On a Belly-Weighted Hook

This is a more traditional method for rigging a swimbait, but it’s tradition for a reason! A belly-weighted hook gives you the freedom to adjust to your terrain and any issues that may come up.

Most larger hooks stick out of the top of the bait, but modifying the body to conceal it for weedless fishing is a snap. Even if the hook’s a little exposed, you shouldn’t run into any issues.

Pro Tip: This method works best with soft-bodied swimbaits, so plan ahead before you cast off.

Casting and Retrieving

Swimbaits are pretty similar to most crankbaits, with a few major differences. With both, you’ll have to use some sporadic action to break up the repetitive motion of the reel. Remember, those bass are smarties, and some of ‘em have figured out how to spot bait. You’ll have to bank on patience, luck, and a bit of creativity to nab a big catch.

Floating models of swimbaits are often used as topwater lure and work best fluttering just underneath the surface, because it imitates a dying bait fish. These are easy prey for bass, so it’s likely that they’ll jump at the chance to snag a snack. This technique works best in the morning, evening, or when the water is calm, so you don’t risk too much movement looking suspicious.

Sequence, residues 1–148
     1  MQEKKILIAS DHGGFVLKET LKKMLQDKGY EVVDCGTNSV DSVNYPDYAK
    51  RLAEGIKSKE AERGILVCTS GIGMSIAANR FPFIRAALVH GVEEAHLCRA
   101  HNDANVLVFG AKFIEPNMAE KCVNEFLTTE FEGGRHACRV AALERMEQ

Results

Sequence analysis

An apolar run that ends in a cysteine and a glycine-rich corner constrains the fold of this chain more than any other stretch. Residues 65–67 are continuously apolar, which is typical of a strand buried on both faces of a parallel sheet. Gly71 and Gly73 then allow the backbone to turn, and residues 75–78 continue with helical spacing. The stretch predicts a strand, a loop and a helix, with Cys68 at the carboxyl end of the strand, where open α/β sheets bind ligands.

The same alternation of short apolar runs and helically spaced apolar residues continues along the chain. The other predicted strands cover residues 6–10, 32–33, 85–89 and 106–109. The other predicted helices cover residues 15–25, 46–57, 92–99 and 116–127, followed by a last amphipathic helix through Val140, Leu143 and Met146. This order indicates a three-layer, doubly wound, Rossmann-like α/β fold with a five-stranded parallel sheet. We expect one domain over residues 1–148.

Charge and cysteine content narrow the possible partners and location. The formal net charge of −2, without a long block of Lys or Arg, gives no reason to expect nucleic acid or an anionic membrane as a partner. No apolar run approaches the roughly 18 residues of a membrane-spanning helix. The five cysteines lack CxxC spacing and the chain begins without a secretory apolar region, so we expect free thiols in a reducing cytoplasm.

When it comes to deep water columns or areas chock full of grass, swimbaits that sink and dive should be your go-to. These will bob up and down, looking like a living bait fish to lure in your prey. Sink and dive baits can even be dragged along the bottom of the lake’s surface, so if you’ve got a boat, give this style a try.

Remember that you can’t give the bass time to investigate the lure before they bite, or they might suspect something is up. Concealing the bait in deep, dark water or in patches of thick weeds works in your favor so that the fish doesn’t see any unnatural qualities. But don’t worry too much about finding the perfect spot. If you toss the bait into any areas with a ton of grass cover, you should be A-okay.